matrix. You can also use \l QWMatrix objects, \l
QPainter::worldMatrix() and \l QPainter::setWorldMatrix() to store and
use named matrices.
The second step uses the window. The window describes the view
boundaries in model coordinates. The matrix positions the \e objects
and \l QPainter::setWindow() positions the \e window, deciding what
coordinates will be visible. (If you have 3D experience, the window
is what's usually called projection in 3D.)
The third step uses the viewport. The viewport too, describes the view
boundaries, but in device coordinates. The viewport and the windows
describe the same rectangle, but in different coordinate systems.
On-screen, the default is the entire \l QWidget or \l QPixmap where
you are drawing, which is usually appropriate. For printing this
function is vital, since very few printers can print over the entire
So each object to be drawn is transformed into model
coordinates using \l QPainter::worldMatrix(), then positioned
on the drawing device using \l QPainter::window() and
It is perfectly possible to do without one or two of the stages. If,
for example, your goal is to draw something scaled, then just using \l
QPainter::scale() makes perfect sense. If your goal is to use a
fixed-size coordinate system, \l QPainter::setWindow() is
ideal. And so on.
Here is a short example that uses all three mechanisms: the function
that draws the clock face in the \l aclock/aclock.cpp example. We
recommend compiling and running the example before you read any
further. In particular, try resizing the window to different sizes.
Firstly, we save the painter's state, so that the calling function
is guaranteed not to be disturbed by the transformations we're going
We set the model coordinate system we want a 1000*1000 window where
0,0 is in the middle.
The device may not be square and we want the clock to be, so we find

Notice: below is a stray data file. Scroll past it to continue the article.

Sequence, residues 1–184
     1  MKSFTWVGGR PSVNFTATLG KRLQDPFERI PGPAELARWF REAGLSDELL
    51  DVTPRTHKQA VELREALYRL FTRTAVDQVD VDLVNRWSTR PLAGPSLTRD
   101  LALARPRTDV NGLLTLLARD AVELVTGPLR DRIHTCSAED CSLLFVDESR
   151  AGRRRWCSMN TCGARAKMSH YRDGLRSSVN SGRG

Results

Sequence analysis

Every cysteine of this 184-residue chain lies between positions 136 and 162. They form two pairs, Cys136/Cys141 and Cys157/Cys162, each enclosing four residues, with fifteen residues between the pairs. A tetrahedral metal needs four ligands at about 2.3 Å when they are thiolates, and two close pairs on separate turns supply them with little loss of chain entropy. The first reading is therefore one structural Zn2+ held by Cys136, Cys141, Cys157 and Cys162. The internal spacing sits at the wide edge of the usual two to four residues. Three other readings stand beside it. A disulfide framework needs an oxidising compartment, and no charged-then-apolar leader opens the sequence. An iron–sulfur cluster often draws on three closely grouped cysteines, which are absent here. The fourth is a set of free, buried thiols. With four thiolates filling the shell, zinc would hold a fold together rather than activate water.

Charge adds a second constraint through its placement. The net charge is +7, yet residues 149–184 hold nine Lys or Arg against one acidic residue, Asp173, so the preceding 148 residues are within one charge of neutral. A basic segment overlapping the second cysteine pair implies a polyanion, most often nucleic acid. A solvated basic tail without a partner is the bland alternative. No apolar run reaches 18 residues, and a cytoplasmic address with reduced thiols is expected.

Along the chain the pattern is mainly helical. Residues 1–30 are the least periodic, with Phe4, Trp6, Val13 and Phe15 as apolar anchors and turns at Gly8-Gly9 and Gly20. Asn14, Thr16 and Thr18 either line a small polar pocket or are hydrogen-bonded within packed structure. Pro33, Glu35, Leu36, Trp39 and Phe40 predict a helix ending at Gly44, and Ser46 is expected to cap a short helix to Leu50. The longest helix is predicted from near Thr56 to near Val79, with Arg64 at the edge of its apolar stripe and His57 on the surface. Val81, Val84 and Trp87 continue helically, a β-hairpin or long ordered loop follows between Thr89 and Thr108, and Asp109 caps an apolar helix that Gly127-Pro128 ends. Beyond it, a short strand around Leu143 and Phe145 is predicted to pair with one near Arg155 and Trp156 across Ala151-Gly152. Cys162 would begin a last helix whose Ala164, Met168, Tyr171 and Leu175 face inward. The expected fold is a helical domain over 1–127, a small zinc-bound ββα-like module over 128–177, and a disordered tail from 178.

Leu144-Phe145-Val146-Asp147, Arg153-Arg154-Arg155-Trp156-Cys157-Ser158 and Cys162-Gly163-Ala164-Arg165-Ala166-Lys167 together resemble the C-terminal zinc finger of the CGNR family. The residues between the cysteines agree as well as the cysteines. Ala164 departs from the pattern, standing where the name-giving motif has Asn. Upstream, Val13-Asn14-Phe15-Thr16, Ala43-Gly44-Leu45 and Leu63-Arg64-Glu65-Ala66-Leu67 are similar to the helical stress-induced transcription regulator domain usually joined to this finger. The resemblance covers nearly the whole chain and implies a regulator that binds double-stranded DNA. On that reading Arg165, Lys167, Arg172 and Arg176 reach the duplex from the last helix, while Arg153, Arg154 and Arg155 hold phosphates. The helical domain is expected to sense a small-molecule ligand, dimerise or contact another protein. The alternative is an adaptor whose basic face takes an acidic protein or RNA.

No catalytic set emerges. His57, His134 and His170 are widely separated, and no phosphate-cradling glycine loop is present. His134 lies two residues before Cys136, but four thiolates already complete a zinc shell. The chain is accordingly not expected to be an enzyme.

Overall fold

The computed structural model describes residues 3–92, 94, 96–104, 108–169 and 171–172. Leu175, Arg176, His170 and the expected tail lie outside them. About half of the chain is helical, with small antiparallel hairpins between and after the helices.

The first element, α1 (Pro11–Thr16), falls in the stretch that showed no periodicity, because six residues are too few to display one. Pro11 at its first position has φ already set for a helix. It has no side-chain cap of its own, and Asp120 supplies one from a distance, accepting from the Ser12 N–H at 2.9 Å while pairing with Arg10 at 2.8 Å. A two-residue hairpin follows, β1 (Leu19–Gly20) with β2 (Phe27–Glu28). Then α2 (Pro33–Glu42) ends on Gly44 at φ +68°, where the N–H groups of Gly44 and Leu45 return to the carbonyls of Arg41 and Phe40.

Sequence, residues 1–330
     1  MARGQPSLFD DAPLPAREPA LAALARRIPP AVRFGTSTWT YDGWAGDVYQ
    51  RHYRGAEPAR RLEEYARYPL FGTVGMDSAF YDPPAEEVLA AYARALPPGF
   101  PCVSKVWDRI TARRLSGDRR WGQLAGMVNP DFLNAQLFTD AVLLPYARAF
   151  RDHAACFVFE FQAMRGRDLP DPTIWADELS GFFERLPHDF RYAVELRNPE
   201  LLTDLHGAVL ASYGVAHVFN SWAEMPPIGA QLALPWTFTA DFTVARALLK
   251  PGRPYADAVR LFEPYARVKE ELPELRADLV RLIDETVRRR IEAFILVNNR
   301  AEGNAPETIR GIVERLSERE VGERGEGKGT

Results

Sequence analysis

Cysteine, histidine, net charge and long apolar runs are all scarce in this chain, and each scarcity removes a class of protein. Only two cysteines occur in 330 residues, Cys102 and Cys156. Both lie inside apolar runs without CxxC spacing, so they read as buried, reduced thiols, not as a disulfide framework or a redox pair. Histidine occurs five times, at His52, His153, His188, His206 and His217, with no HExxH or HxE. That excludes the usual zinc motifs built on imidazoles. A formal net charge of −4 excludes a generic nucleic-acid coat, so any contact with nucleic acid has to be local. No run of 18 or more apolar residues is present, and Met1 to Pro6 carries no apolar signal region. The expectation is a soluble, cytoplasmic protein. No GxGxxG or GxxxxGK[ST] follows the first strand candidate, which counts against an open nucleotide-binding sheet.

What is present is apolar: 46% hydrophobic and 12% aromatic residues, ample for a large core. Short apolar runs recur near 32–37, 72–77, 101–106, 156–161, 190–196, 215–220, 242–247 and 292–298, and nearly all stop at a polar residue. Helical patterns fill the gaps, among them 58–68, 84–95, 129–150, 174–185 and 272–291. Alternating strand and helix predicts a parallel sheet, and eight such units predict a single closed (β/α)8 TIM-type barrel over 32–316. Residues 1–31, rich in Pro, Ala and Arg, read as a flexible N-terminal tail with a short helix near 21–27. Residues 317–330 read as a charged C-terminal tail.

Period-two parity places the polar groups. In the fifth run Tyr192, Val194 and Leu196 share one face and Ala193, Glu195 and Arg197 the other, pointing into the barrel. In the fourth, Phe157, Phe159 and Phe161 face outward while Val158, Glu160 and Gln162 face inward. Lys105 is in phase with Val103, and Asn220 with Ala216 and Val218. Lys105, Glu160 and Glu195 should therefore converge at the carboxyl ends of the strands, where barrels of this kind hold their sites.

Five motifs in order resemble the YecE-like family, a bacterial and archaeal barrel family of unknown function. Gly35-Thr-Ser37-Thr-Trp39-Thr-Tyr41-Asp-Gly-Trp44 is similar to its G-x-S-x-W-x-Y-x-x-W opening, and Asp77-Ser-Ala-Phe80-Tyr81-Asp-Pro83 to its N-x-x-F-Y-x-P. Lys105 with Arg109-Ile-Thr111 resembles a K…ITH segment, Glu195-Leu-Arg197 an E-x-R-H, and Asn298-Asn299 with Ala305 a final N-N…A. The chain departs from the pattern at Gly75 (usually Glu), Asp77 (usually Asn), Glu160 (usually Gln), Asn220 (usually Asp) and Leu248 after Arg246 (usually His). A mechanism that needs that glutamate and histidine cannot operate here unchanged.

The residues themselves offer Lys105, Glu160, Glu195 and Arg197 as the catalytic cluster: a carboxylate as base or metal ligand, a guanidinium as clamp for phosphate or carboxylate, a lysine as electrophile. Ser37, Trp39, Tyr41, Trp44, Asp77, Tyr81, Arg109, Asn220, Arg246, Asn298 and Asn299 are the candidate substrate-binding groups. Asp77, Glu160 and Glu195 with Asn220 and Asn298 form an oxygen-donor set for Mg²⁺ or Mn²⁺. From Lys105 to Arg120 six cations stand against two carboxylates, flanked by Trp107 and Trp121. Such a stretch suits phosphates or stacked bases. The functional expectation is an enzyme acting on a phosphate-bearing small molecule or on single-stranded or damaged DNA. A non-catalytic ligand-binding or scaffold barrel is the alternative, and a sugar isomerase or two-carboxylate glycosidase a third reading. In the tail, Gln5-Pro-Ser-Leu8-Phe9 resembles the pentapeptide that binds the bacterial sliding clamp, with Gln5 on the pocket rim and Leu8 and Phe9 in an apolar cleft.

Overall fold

its current viewport and compute its shortest side.
Then we set a new square viewport, centered in the old one.
We're now done with our view. From this point on, when we draw in a
1000*1000 area around 0,0, what we draw will show up in the largest
possible square that'll fit in the output device.
Time to start drawing.
\e pts is just a temporary variable to hold some points.
Next come three drawing blocks, one for the hour hand, one for the
minute hand and finally one for the clock face itself. First we draw
the hour hand:
We save the painter and then rotate it so that one axis points along
the hour hand.
We set \e pts to a four-point polygon that looks like the hour hand at
three o'clock, and draw it. Because of the rotation, it's drawn
pointed in the right direction.
We restore the saved painter, undoing the rotation. We could also
call rotate( -30 ) but that might introduce rounding errors, so it's
better to use save() and restore(). Next, the minute hand, drawn
almost the same way:
The only differences are how the rotation angle is computed and the
shape of the polygon.
The last part to be drawn is the clock face itself.
Twelve short hour lines at thirty-degree intervals. At the end of
that, the painter is rotated in a way which isn't very useful, but
we're done with painting so that doesn't matter.
The final line of the function restores the painter, so that the
caller won't be affected by all the transformations we've done.